Although they did not altogether succeed in removing the medieval feudal system from the Illyrian Provinces, the French brought about the first real taste of emancipation for the populace. The importing of the French legal system meant - in principle - every citizen was equal under the rule of law, irrespective of social standing or wealth. French was made the official language of the provinces. However, all the respective states were allowed to speak and work in their native languages.

Tabla_carinarnice_Ilirskih_provinc_iz_Radeč_pri_Zidanem_mostu_1809_1.jpgAlternate version of the coat of arms of the Illyrian Provinces © Public domain

Separation of church and state was introduced and the judiciary nationalised. The tax system was made uniform, abolishing some tax privileges in an attempt to create a fairer society. Inhabitants of the Illyrian Provinces had Illyrian nationality. The French embarked upon an overhaul of the education system within the provinces. One example was the founding of a French-language military school in Karlovac, the headquarters of the Croatian army. However, it was not only the French language that was taught but also French culture and history.

The Illyrian Provinces inspire the Illyrian Movement

People who lived in the Illyrian Provinces learned exactly how life had changed, how universal rights were established, following the French Revolution. While the awareness of national identity was becoming more widespread across Europe within this broad time period, French rule within this particular region must be viewed as a catalyst for the awakening of such sentiments in Slovenia and Croatia.

Ljudevit_Gaj_1898_Theodor_Mayerhofer_1.pngLjudevit Gaj by Theodor Mayerhofer, taken from Đuro Šurmin 'Povjest književnosti hrvatske i srpske' Zagreb 1898 © Public domain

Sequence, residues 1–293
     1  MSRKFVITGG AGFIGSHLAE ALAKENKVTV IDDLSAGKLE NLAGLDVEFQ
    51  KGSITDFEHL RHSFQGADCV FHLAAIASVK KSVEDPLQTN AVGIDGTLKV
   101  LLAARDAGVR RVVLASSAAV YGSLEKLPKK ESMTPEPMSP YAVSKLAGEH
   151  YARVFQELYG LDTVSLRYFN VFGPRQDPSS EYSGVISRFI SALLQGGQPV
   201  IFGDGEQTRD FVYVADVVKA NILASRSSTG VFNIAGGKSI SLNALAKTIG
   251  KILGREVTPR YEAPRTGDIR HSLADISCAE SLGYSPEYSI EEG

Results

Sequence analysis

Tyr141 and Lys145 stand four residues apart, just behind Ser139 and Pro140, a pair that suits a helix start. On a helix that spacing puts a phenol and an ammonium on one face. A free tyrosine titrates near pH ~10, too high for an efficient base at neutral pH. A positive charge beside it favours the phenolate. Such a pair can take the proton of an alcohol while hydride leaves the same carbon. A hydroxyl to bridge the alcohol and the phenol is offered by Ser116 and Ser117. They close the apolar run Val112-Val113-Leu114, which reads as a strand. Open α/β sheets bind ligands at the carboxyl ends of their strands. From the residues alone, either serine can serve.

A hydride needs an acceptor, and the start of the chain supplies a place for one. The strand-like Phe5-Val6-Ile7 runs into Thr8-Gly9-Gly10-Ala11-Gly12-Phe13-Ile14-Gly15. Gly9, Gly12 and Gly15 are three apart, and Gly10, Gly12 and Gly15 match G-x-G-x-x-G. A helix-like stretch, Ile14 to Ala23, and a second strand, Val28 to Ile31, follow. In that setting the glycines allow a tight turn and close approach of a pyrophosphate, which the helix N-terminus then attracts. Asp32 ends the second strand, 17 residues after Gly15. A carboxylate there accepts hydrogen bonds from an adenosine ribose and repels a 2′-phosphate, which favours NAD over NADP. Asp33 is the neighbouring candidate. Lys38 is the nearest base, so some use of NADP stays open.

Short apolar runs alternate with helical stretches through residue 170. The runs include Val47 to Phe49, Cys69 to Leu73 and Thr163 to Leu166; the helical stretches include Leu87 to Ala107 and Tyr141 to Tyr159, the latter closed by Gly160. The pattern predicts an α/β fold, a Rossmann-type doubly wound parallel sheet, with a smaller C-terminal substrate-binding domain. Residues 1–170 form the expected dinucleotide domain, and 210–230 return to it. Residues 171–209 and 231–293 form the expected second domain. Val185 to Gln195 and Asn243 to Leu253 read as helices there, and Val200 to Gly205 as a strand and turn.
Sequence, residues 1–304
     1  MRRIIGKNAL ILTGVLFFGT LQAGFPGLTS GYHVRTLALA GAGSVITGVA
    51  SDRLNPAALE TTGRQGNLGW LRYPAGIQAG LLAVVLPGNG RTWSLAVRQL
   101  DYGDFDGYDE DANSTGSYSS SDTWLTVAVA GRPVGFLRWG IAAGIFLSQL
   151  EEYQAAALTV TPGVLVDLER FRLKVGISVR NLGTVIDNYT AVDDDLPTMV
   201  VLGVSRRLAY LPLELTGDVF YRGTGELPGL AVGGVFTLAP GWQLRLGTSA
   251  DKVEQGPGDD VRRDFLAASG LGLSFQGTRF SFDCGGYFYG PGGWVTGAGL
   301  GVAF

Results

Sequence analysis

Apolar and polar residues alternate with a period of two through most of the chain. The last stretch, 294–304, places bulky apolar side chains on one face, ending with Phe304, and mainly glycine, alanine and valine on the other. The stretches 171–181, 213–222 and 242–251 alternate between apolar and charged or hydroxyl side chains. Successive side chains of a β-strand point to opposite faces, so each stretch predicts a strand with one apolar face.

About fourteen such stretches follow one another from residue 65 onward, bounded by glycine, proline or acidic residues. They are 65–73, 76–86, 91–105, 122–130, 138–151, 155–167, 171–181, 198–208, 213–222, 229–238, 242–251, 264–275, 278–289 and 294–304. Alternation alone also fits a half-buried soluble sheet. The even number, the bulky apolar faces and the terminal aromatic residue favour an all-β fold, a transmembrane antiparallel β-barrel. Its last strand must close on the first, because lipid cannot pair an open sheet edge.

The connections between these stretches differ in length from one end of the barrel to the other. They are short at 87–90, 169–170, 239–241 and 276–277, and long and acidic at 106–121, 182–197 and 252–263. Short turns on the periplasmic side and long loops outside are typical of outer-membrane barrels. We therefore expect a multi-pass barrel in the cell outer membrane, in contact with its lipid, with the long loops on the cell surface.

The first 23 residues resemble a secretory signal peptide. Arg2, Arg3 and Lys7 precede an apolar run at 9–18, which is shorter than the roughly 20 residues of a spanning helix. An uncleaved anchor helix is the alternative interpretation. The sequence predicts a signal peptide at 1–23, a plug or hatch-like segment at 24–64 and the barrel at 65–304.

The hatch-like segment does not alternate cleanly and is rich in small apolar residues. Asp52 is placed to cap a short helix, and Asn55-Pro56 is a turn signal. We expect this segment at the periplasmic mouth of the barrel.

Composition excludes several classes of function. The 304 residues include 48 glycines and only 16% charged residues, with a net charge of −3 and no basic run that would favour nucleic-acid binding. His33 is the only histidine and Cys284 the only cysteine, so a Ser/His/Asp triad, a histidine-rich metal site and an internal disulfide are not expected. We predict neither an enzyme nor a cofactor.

In 1814, a further period of Austrian rule replaced that of the French within the territory. As a result, work on Illyrian Province projects like the French Road in Brela ceased. But, within less than a decade and a half, linguist and writer Ljudevit Gaj and other members of Zagreb's intelligentsia, began a process of national revival and a standardisation of language and alphabet. It is no coincidence that their Illyrian Movement referenced the same regional history as had Napoleon's Illyrian Provinces. Within the foundations of this Zagreb-based movement lay both a future of amalgamated states of southern Slavic peoples, free of Austro-Hungary and also the future independent Croatia.


Re-evaluated through the eyes of an independent nation, French rule assumed greater appreciation than it did at the time of its occurrence. Certainly, French rule is not nearly so ill-remembered in Croatia like it is in other countries. Subsequently, you can find squares, fountains and streets here all named in respect of the brief French period, not least the famous Marmont ulica in Split.


But, the most beguiling and intriguing remnant of the Illyrian Provinces in Croatia is the French Road in Brela. It zig-zags almost 100 meters up Biokovo mountain. Although, never at a gradient greater than 6° (in order to accommodate carts, horse riders and easy walking).

Looking at it today, you are tempted to imagine the radically modernised Dalmatia that would have emerged had it been completed. But, when you remember your view is taken from within a wholly independent Croatia, it's easier to appreciate the consequences of French rule, rather than regret anything unfulfilled.


Both the author and Total Croatia News would like to thank the following for their invaluable help in the construction of this article: Vice Rudan Photography, Tourist Board of Brela, doc. dr. sc. Marko Rimac, department of History, Split University, dr. sc. Tvrtko Jakovina, University of Zagreb. All photography and video by Vice Rudan unless otherwise accredited.

If you want to learn more about the fantastic holiday destination that is Brela, then please see our detailed guide